Announced late on Tuesday, Honda Motor Company is recalling roughly 772,000 additional Honda and Acura vehicles in the United States for defective front passenger seat airbag inflators made by Japanese parts supplier. Not to be outdone, Ford is recalling over 816,000 units within the whole of North America for the very same reason. Read More >
There’s no shortage of ink spilled about the sky-high murder rate in Chicago, but the Windy City’s most overlooked crime scene isn’t a particular neighborhood or address. It’s the freeway.
In a year where Chicago homicides hit a 20-year high (762, up 57 percent from 2015), shootings on the city’s freeways topped all previous tallies. The city blames the increasing roadway bloodshed on rising gang violence, but the danger to motorists seems likely to rise if authorities can’t figure out a way to stamp out the problem. Read More >
First, it was Fiat Chrysler Automobiles products with a tendency to roll away, even after owners placed them in park. Then, Ford decided to make sure vehicles with rotary shift knobs didn’t do the same thing, offering a “Return to Park” feature on the 2017 Fusion.
Two weeks ago, it was FCA’s turn again. The automaker found itself the focus of a National Highway Traffic Safety Administration investigation after more reported rollaways, this time with rotary-shift Rams and Dodges.
Well, NHTSA now has Jaguar Land Rover in its crosshairs. Care to guess why? Read More >
Maybe there is common sense to be found in California.
A driver who was charged for driving under the influence — even though a blood test revealed only caffeine — won’t have to enter a courtroom to plead his innocence. That, a gas station attendant takes the Florida Woman meme and runs with it (into another woman’s car), and Canadian heavy truck drivers just refuse to lower their beds while on the highway. Read More >
The National Highway Traffic Safety Administration has opened a preliminary evaluations in response to complaints that Smart ForTwo engines are catching fire before quickly engulfing the car in flames. Eight complaints have found their way to NHTSA about fires in 2008-2009 Four Twos, with six of the incidents occurring while the cars were being driven.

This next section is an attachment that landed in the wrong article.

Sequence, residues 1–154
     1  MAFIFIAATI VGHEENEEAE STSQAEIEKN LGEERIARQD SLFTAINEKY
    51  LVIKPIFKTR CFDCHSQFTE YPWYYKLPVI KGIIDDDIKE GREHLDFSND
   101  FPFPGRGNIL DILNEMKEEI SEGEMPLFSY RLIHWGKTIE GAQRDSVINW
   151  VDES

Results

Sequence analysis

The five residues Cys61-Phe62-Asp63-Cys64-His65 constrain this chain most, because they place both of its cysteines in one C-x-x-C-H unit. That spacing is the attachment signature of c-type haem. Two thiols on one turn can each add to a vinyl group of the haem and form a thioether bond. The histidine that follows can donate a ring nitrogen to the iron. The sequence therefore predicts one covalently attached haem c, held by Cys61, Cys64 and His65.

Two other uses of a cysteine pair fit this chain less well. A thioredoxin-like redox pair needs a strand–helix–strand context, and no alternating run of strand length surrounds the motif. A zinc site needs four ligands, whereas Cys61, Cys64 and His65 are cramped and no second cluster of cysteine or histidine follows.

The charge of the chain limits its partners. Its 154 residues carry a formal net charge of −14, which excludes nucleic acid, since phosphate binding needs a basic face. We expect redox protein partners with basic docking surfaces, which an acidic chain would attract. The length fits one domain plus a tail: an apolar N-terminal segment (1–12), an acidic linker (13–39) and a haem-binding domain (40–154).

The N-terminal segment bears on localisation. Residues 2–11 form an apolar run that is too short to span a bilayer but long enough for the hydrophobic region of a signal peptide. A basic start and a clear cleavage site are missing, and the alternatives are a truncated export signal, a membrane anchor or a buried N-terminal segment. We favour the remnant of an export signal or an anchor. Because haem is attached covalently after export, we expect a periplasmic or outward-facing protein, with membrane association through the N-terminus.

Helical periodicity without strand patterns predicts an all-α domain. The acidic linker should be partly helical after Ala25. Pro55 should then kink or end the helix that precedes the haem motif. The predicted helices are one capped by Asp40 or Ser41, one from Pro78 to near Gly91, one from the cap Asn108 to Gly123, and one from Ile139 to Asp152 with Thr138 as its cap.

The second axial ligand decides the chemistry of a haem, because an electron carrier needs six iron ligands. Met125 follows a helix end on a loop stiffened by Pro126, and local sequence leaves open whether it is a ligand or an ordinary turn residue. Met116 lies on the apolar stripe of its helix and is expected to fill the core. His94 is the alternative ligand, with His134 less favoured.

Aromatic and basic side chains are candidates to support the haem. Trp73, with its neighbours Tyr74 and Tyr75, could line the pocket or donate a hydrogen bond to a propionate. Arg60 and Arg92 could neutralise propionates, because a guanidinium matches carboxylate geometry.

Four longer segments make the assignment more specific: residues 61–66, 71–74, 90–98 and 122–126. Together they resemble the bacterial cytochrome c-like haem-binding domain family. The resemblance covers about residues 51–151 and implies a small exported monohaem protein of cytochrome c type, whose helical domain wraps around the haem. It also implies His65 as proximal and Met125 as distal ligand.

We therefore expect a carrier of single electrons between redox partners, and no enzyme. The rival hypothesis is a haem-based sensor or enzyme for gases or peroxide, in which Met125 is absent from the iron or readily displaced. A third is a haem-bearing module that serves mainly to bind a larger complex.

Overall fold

According to the agency, the incidents began with the illumination of the vehicles’ check-engine light, followed by smoke and odd noises. In every occurrence, owners claim the fires quickly spread to the entire car. Read More >
Just when it thought a troubling roll-away controversy and resulting recall was almost behind it, Fiat Chrysler Automobiles finds itself under investigation for a similar problem.
This time, it isn’t the now-defunct Monostable gear shift that supposedly confused drivers — it’s the rotary shifter found in late-model vehicles. After numerous complaints, the National Highway Traffic Safety Administration has opened an investigation into 1 million FCA vehicles that could pose a roll-away risk. Read More >
Have you ever bought a secondhand car, only to find the previous owner forgot his or her favorite CD in the stereo? Well, that didn’t happen to a Kentucky man.
That Volkswagen owner’s discovery is just one of the weird news stories arising from a polar vortex-plagued world. Elsewhere, officials warn of mammal tongue baths, and a politician practices bad automotive PR. Read More >
The United States Department of Transportation has proposed a rule that would require vehicle-to-vehicle communication technology in all new cars.
Vehicle-to-vehicle systems allow cars to communicate information to each other that could be used to update drivers about potential accidents, possibly reducing the number of crashes on U.S. roadways. The basic technology uses short-range radios to send and receive vehicle data on location, speed, direction, and braking status. While extremely useful in the application of autonomous driving technology, a lot of the potential safety applications resulting from V2V has not yet been conceived. Read More >